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Six Sigma can seem like an alluring prospect to many businesses. An opportunity to improve the quality of products by using statistics? Who wouldn’t want to take advantage of that, especially when it’s backed by big names like General Electric and Motorola?
But plenty of people are keen to point out that Six Sigma doesn’t work. Searching on this topic brings up horror stories such as “Six Sigma ‘killed’ innovation in 3M” and “Six Sigma Is Draining Employees’ Creativity”. The Wall Street Journal says 60% of all corporate Six Sigma initiatives fail to yield the desired results. Topics like this could lead one to think that Six Sigma has no value in business, but this is misleading. The reason Six Sigma fails in each of these examples is because it has been applied incorrectly.
Let’s start with that first headline: “Six Sigma ‘killed’ innovation in 3M”. The article describes how 3M prides itself on innovation and incorporated Six Sigma as part of their company culture. According to a former executive, Six Sigma experts in the company would get in the way of innovation by asking for a five-year plan with any new idea. This expectation is ridiculous, as he explains: “Come on, we don’t know yet because we don’t know how it works, we don’t know how many customers will take it up, we haven’t taken it out to the customer yet.”
But the issue here is not Six Sigma itself, it’s how it’s being used. Of course asking for a five-year plan with every idea is going to affect innovation. The management at 3M did not apply Six Sigma carefully or with intelligence; they just bolted it on to every creative project with little control and assumed positive results. Six Sigma does not work if it’s used like a one-size-fits-all solution.
In “Six Sigma Is Draining Employees’ Creativity”, Andrew Smart says “Six Sigma is analogous to an organisational epileptic seizure”. His argument is that the most important goal of Six Sigma – reducing defects and variation in products – impedes creativity, because variation is what humans thrive on. It’s a similar argument to the 3M example and it falls down again for the same reasons.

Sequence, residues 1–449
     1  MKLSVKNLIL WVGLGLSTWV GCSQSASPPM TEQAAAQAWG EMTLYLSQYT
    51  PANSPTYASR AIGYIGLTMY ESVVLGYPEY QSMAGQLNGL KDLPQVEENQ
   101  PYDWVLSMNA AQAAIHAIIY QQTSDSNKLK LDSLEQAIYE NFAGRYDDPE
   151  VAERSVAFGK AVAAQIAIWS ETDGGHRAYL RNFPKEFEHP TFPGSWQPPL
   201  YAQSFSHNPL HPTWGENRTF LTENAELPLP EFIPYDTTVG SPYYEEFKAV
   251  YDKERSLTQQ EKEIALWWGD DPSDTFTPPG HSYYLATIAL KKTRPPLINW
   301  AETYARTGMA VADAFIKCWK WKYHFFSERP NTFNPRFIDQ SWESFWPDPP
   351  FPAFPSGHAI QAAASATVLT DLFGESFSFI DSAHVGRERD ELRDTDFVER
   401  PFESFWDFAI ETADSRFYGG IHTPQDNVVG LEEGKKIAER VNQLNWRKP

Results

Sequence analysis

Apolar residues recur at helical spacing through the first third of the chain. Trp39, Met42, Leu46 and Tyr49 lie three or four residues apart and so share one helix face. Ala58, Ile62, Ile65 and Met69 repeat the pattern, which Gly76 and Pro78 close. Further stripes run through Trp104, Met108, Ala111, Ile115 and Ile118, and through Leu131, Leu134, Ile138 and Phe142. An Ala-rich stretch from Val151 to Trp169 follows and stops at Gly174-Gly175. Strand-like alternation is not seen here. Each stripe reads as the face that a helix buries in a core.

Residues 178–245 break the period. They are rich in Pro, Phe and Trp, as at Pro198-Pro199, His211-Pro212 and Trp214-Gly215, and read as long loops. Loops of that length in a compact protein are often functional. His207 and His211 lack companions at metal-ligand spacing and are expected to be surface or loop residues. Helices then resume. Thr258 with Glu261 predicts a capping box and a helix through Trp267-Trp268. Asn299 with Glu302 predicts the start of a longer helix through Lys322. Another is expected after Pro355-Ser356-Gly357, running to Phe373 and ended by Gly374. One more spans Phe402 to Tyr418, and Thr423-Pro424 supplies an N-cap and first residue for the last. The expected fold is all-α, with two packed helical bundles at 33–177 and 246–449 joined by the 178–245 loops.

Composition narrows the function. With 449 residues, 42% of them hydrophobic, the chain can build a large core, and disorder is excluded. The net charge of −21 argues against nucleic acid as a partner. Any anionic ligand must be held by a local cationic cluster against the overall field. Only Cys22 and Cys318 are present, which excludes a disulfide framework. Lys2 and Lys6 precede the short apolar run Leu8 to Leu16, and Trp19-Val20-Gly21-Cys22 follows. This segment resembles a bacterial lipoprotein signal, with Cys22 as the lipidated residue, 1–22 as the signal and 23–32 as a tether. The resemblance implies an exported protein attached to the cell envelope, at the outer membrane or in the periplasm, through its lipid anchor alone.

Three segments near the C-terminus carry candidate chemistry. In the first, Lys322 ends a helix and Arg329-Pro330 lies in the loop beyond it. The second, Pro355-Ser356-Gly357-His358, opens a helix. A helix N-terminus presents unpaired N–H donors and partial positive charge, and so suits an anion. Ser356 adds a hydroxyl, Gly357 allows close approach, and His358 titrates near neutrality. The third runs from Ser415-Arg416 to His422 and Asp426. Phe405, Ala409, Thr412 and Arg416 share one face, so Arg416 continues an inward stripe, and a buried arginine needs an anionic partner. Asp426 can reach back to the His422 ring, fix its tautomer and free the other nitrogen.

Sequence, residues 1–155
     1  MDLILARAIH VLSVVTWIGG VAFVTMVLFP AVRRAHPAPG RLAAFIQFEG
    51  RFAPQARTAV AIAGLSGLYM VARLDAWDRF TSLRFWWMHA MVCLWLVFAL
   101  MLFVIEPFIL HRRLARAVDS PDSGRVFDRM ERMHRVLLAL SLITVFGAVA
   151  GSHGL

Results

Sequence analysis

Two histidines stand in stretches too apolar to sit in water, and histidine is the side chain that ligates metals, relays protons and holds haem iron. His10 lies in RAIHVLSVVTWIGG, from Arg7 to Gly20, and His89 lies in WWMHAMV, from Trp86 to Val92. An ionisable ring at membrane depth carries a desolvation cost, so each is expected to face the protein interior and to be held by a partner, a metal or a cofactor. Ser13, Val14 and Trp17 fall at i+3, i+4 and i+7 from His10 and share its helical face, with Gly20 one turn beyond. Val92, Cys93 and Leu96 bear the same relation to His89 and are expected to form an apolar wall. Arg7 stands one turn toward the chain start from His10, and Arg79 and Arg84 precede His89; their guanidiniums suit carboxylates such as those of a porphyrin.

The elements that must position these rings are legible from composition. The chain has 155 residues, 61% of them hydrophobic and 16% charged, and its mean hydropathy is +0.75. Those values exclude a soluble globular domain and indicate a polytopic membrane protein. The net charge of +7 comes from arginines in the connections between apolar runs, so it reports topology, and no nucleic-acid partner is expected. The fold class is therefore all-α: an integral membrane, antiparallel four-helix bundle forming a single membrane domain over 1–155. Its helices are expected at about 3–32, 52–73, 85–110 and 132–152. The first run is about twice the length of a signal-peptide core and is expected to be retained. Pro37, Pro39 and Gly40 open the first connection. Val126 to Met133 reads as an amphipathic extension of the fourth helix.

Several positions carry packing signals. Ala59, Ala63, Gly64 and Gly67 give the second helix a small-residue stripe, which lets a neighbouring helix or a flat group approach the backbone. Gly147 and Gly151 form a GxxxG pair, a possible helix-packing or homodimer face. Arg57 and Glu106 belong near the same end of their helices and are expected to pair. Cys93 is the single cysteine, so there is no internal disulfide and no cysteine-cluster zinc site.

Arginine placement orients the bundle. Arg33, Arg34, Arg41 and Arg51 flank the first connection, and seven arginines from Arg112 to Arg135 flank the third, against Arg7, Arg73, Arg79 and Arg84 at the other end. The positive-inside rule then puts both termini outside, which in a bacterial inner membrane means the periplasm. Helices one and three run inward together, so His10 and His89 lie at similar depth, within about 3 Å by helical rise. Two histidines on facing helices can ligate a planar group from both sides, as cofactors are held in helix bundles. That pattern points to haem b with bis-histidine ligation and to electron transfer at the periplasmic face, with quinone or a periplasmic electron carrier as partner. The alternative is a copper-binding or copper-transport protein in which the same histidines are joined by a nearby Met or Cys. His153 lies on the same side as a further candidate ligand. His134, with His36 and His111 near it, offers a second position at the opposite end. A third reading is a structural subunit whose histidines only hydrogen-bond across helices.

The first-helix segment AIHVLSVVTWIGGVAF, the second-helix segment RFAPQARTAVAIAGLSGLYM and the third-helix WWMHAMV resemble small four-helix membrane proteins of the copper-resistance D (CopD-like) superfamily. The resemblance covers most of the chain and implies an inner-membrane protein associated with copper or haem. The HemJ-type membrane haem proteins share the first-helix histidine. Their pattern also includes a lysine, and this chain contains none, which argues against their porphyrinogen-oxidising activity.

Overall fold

Once again, Andrew’s criticisms are about applying Six Sigma to ‘an entire company’, rather than using it to improve specific business processes. So it is no surprise that the repeatable, structured methodology that Six Sigma provides doesn’t work for R&D departments and creative applications.
“Why Six Sigma Projects Often Fail” discusses the failure of Six Sigma at an aerospace company. It describes how the company carried out improvement projects using teams of 10 to 18 members from different departments, alongside a Six Sigma improvement expert to guide the process. Once the project was underway, the Six Sigma expert would leave, and executives would move their focus on to something else. Without somebody to lead them, staff would revert back to their old habits and new priorities would take over, making it harder for them to achieve their agreed goals.
As with before, the failure here was not with Six Sigma itself – it was with its implementation. Contrast the aerospace company’s implementation of Six Sigma with that of arguably the system’s most famous advocate – General Electric.
General Electric didn’t simply employ consultants for a specified period of time and then leave staff to carry on improvement projects on their own. They ensured a large percentage of staff were trained by Master Black Belts to become Six Sigma Green Belts and Black Belts. They made Six Sigma part of company culture, with its implementation led from the top-level down by CEO Jack Welch. And they rewarded the success of Six Sigma projects with promotions.
In other words, GE ensured that all employees had adequate training to be able to use Six Sigma effectively once the outside experts had left, and incentivised its success so that everybody was motivated to continue using it. As a result, the ideas of Six Sigma were properly distributed throughout the company so they were fully understood and not forgotten in a hurry.
No doubt there are some cases where Six Sigma hasn’t worked for businesses, but this doesn’t mean it shouldn’t be used. There are numerous examples where Six Sigma has led to better quality products, happier customers, and higher profits. All these failures show us that the key is to apply it intelligently and with nuance. We shouldn’t become slaves to a process – there should always be space for human thinking.
The Knowledge Academy offers expertly taught Six Sigma courses including Black Belt and Green Belt in a wide range of locations around the world.
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